NIAGARA-ON-THE-LAKE, Ontario (AP) — Mention Niagara and most travelers think of the famous falls, which deserve their reputation as the mother of all tourist attractions. But there's another place with Niagara in its name just a half-hour drive from the falls that should be part of any visit to the area: Niagara-on-the-Lake, a lovely town known for wineries, an annual theater festival and a charming downtown.
And while summer is high season for visiting the waterfalls, September and October are among the busiest months of the year in Niagara-on-the-Lake. There are more than 30 wineries in Niagara-on-the-Lake and 80 altogether in the region, and fall is the season when visitors can see and experience the harvest and the pressing of the grapes.
Visitors can also find locally grown produce, depending on what's in season, including peaches, pears and apples, along with jams, juices and other products, for sale in places like Kurtz Orchards Country Market, 16006 Niagara Parkway, and at a Saturday morning farmers market, through Oct. 6 at 111 Garrison Village Drive.
Fall is also the last chance to catch performances at the Shaw Festival, a popular annual event that takes place in three theaters in Niagara-on-the-Lake, staging works by George Bernard Shaw and his contemporaries, plus new plays written about his era (1856-1950). The season began in May, with productions ranging from "Ragtime," through Oct. 14, to "Hedda Gabler," through Sept. 29. Noel Coward's "Present Laughter" and Bernard Shaw's "Misalliance" run through October.
For leaf-peepers, the area has "stunning fall color," usually peaking in early October, according to Janice Thomson, executive director of Niagara-on-the-Lake's chamber of commerce. The town's leafy waterfront areas include both the Niagara River and Lake Ontario (the waterfalls flow into the river, which flows into the lake). Niagara Parkway, which follows the river, offers a "spectacular drive," according to Tina Truszyk, spokeswoman for the Tourism Partnership of Niagara. There are also cycling routes along the river and the nearby Welland Canal. Niagara-on-the-Lake has a number of bike rental companies including some like Zoom Leisure Bike — https://zoomleisure.com — that offer guided bike tours of the wineries.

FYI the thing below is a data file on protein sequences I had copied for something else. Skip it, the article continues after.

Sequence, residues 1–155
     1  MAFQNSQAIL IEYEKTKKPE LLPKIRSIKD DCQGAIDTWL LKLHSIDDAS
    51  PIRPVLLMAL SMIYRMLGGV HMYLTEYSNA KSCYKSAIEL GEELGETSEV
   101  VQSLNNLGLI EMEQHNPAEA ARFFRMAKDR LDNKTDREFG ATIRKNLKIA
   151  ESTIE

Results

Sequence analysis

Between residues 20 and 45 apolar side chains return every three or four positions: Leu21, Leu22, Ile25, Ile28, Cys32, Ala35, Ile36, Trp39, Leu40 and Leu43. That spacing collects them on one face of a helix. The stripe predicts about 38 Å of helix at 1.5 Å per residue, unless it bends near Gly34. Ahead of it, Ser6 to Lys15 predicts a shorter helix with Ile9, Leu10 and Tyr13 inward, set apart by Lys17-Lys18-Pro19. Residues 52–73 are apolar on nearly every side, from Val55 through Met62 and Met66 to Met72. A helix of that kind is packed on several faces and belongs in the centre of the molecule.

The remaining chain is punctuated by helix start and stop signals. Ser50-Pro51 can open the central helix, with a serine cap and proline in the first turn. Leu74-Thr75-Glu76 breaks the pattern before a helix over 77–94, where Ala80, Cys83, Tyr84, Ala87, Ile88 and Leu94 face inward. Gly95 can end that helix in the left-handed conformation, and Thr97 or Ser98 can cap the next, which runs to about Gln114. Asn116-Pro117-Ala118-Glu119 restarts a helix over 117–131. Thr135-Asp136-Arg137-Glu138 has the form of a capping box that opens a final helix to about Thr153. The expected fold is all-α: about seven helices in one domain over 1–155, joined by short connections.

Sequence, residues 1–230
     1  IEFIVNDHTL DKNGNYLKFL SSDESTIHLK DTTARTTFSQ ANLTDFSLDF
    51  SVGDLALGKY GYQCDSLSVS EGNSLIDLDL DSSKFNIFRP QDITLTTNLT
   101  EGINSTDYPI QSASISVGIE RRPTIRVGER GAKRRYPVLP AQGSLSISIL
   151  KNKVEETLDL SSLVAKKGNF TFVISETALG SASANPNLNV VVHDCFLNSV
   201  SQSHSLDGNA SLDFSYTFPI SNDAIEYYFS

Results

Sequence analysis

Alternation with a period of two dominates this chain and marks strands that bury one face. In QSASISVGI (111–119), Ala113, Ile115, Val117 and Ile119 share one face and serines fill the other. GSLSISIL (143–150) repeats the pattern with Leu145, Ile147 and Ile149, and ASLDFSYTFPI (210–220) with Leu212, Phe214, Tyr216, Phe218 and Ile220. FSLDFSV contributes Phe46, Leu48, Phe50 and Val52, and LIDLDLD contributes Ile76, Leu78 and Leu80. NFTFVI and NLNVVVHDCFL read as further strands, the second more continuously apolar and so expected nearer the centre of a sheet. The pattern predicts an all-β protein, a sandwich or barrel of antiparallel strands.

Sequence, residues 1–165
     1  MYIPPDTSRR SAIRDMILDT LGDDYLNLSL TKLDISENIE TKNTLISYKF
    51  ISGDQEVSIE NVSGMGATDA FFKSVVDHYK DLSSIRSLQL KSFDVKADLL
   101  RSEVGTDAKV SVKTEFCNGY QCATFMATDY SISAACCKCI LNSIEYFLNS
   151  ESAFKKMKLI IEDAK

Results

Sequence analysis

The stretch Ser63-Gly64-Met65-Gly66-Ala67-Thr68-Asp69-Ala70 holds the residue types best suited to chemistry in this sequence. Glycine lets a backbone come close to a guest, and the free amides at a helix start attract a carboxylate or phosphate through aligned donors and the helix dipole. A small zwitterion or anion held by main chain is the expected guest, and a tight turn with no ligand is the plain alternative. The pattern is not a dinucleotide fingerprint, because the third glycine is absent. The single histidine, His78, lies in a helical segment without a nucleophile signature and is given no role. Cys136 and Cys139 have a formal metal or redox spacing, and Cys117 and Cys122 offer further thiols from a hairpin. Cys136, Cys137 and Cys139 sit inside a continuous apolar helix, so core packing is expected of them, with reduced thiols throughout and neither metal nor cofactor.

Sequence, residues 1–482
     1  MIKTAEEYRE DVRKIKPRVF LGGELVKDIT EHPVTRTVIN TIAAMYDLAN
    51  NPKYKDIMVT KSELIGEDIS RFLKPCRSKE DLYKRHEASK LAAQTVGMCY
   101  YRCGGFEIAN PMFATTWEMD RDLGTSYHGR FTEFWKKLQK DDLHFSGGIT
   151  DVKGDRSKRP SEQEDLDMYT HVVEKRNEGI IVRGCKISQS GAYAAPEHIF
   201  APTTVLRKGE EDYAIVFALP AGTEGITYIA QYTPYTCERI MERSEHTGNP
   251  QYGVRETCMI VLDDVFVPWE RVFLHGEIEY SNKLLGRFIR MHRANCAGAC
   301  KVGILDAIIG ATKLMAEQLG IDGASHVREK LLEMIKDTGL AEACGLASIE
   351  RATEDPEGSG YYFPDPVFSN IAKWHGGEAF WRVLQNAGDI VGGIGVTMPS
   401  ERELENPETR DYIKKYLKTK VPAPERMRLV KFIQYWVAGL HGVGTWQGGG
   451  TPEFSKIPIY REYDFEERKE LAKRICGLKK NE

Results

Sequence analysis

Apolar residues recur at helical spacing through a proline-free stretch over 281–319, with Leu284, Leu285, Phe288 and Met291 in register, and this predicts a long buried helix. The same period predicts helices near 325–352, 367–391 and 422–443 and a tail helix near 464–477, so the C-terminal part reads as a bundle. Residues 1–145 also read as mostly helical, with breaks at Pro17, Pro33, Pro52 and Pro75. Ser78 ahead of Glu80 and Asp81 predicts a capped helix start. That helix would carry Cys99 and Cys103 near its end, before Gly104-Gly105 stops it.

The Niagara region's wine industry began only about 35 years ago, when winemakers realized that the area's unique Great Lakes climate and soil was well-suited to grape-growing, especially for cool-climate grapes used in table wines like pinot noir, riesling and chardonnay.
But the region is best-known for icewine, a specialty product made from grapes frozen on the vine in winter. The frozen grapes are nearly dehydrated so the juice is concentrated, which makes the wine sweeter than table wine. It's considered a dessert wine, but it can also be served with savory and even spicy entrees.
I bought a bottle of icewine from the Trius Winery at Hillebrand (1249 Niagara Stone Rd.) to take home after tasting it at the Trius Winery Restaurant. Served at the end of a family barbecue, the icewine's rich fruity flavor was enjoyed by all as an after-dinner treat, providing a sophisticated palate-clearing contrast to our casual meal of hot dogs, burgers and corn.
Icewines are sold in half-bottles — 375 milliliters rather than 750 — and are generally more expensive than ordinary table wines, in the $40-$60 range. A popular icewine festival takes place in the area each January with tastings, seminars, contests and other events.
Wineries range from smaller rustic properties like Ravine Vineyard to larger estate-style wineries like Peller, Inniskillin and Trius. A number of newer wineries, like Southbrook Vineyards, are focusing on sustainability and agricultural techniques that have a low impact on the environment. Bus tours and private guided tours are available, or you can make your own itinerary using the Wine Route Planner at http://WineCountryOntario.ca.
But the wineries are so well-signed that you can easily just drive around and stop when you see one that looks interesting. Many of the wineries are located along three major thoroughfares, Niagara Parkway, Niagara Stone Road and Lakeshore Road, surrounded by flat, grapevine-covered fields and crisscrossed by a numbered grid, with roads bearing names like "Concession 7" or "Line 5." Concession roads run north-south. Line roads run east-west.